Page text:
A: Dear Perplexed,
As a parent in the digital domain, you are on the right track by looking into what online platforms your child is using and the safety issues surrounding those platforms. Just because a child has turned 13 and is legally able to have her own social media site does not mean that she has the knowledge or skills to function on that site in ways that are safe, healthy, and consistent with good citizenship. Full story »
Michael Rich, MD, MPH, is Boston Children’s Hospital’s media expert and director of Boston Children’s Center on Media and Child Health. Take a look at his blog archive or follow him on Twitter @CMCH_Boston
Michael Rich, MD, MPH
Q:So far I’ve only allowed my 5-year-old to watch DVDs that I’ve selected. Should I introduce some quality educational TV programs, or should I stick to my guns and keep her away from TV—and the commercials that come with it—for as long as I can?
-Tepid about TV, USA
A: Dear Tepid,
Your question raises some good points. First, there’s no reason your child has to watch TV. There are many different ways she can learn the same lessons…like books, creative play, and time outside in nature.
If and when you do decide to incorporate TV into her media diet, there are a few things to consider. First, choose the programs carefully. There are high-quality educational TV shows that she could really enjoy (in limited quantities). Which ones work best for her depends on both who she is as an individual and her developmental stage. Refer to child-friendly reviews of children’s TV to help you decide whether the content is developmentally appropriate for her. Full story »
Michael Rich, MD, MPH, is Children’s Hospital Boston’s media expert and director of Children’s Center on Media and Child Health. Take a look at his blog archive or follow him on Twitter @CMCH_Boston
Q:We have stopped our 17-year-old daughter from using Facebook a number of times due to angry and inappropriate postings. We put unrecognizable passwords in, but she keeps creating or restarting Facebook pages. I believe she has one now, and I can’t find it. She has probably blocked me. Is there any way of totally blocking Facebook from our home? She is unable to control her reactions and what she says. We are at a loss.
- Facebook Frazzled in Acton, MA
A: Dear Frazzled,
Frankly, it is difficult, if not impossible, to block Facebook from her (remember, in the days of smartphones and free wifi sites, blocking from your home is not enough). However, it sounds as if keeping your daughter off of Facebook—even if you did manage it—wouldn’t solve the problem. Her angry posts probably reflect what she’s feeling in real life, and it sounds like she’s looking for an outlet for those feelings.
It is important to remember where your daughter is developmentally as a teenager. At this stage, it is normal for your daughter to be exercising her independence and expressing how she feels. Social media sites serve these developmental needs well because they can be crafted by each user. The best way to address your daughter’s postings is by opening the doors of communication and engaging her in a conversation about them. Full story »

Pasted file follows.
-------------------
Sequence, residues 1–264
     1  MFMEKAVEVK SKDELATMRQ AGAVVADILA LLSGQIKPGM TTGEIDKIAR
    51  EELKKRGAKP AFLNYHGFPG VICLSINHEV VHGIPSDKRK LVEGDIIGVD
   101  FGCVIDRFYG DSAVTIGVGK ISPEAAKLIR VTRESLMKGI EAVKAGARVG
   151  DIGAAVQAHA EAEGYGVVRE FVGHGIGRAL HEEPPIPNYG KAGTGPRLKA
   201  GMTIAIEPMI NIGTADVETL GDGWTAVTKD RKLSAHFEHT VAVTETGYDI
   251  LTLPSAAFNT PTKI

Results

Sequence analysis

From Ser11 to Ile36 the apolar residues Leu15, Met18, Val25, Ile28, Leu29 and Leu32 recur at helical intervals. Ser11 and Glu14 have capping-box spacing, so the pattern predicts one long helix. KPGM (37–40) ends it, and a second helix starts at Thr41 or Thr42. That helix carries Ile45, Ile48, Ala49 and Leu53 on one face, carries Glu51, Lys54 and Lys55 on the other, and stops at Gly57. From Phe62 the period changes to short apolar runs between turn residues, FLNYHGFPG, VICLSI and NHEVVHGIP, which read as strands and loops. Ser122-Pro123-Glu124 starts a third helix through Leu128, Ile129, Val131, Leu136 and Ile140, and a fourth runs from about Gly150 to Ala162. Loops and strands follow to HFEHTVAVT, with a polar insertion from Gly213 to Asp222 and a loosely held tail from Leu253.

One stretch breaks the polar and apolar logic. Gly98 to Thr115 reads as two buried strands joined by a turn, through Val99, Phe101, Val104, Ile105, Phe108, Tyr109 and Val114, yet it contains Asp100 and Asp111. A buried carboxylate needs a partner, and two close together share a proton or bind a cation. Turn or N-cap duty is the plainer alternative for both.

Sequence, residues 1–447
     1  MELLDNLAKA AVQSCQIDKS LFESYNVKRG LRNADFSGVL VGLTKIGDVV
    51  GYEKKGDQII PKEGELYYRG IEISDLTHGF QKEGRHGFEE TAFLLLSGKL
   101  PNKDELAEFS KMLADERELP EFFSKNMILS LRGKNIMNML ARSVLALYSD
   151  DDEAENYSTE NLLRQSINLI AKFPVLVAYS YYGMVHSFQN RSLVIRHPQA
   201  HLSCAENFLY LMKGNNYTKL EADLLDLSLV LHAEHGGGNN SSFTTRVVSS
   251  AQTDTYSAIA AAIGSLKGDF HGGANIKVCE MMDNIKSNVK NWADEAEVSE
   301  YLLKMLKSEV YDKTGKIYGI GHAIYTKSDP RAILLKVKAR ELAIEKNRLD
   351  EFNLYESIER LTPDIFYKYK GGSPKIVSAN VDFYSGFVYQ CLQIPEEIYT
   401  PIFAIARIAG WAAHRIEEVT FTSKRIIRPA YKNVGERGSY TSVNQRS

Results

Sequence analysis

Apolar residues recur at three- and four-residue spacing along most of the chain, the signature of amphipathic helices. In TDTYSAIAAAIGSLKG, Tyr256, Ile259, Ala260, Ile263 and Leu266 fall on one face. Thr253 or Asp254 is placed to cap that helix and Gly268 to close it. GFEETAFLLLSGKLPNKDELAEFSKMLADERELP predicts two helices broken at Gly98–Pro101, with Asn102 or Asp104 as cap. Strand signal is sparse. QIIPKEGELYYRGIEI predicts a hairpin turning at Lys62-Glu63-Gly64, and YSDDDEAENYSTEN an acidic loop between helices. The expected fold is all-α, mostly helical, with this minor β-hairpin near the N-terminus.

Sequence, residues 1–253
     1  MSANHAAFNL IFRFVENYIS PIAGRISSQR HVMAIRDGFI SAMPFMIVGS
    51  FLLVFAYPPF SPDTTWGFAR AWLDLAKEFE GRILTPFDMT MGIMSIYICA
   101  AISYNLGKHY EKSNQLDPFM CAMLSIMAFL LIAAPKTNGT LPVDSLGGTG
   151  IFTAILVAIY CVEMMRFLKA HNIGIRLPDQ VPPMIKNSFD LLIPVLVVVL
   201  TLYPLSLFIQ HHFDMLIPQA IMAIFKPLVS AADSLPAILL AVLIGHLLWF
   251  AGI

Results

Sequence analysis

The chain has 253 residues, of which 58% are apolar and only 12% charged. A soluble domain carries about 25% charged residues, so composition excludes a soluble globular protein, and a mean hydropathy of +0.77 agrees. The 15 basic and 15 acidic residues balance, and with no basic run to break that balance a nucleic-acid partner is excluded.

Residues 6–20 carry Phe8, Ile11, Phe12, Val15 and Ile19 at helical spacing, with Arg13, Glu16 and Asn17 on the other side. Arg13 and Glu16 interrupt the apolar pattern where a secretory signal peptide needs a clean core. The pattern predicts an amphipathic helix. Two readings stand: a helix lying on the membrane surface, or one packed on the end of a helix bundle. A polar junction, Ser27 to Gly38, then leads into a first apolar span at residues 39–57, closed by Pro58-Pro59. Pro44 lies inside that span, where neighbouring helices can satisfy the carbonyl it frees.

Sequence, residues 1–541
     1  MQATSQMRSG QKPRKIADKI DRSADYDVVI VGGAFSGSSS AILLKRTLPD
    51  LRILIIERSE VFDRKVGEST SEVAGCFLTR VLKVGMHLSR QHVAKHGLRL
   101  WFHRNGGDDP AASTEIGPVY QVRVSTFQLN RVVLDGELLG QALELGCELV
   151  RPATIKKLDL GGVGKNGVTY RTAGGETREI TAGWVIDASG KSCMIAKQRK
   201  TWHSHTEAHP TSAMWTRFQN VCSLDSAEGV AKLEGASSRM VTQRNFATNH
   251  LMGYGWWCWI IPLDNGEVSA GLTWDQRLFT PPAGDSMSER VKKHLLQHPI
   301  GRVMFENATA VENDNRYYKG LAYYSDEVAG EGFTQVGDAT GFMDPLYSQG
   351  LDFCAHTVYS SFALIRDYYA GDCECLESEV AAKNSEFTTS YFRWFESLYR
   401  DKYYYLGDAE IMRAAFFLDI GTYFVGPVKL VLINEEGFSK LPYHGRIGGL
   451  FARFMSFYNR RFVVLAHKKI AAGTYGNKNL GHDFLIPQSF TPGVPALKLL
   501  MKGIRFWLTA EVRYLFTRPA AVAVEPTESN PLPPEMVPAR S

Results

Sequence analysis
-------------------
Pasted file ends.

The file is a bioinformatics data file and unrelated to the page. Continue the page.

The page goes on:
Children are using iPads earlier and earlier. Is it affecting development? flickr/remcovandermeer
Apple’s iPhone and iPad technology has revolutionized communication. The way millions of Americans interact with media, personal contacts and the Internet is now largely funneled through an Apple shaped logo. But are these machines so influential they could shape the mental and emotional development of young users?
Because these devices are so new, there’s not enough hard scientific data to know for sure. But the fact that more than half of the young children in the United States now have access to an iPad, iPhone or similar touch-screen device means the time to ask these questions is now.
So that’s exactly what Wall Street Journal reporter Ben Worthen did. Worthen spoke with many childhood development experts, including Michael Rich, MD, MPH, director of Boston Children’s Center on Media and Child Health, to find out how touch-screen technology is affecting the development of millions of young users. Here’s a brief video describing what he learned.
Until more data is collected, the scientific community remains split on how touch-screen technology affects kids. But there is one thing that they all agree on: parents know their children best and should be the final decision-maker on if and when this type of technology is appropriate in their house.
Does your child use an iPad, iPhone or tablet? If so, are you pleased or worried about her reaction to its interactive nature? Let us know in the comment section or our Facebook wall.
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All information provided on diagnosis and therapy reflects the care environment of Boston Children's Hospital and related physician practices. It is not a substitute for the professional judgment of a qualified heath care provider based upon actual examination of a patient's condition and history. Therefore, it should not be construed as medical advice for any particular patient's condition, and may need to be altered in different care environments. Please contact us if we can be helpful in answering any questions or to arrange for a visit or consult.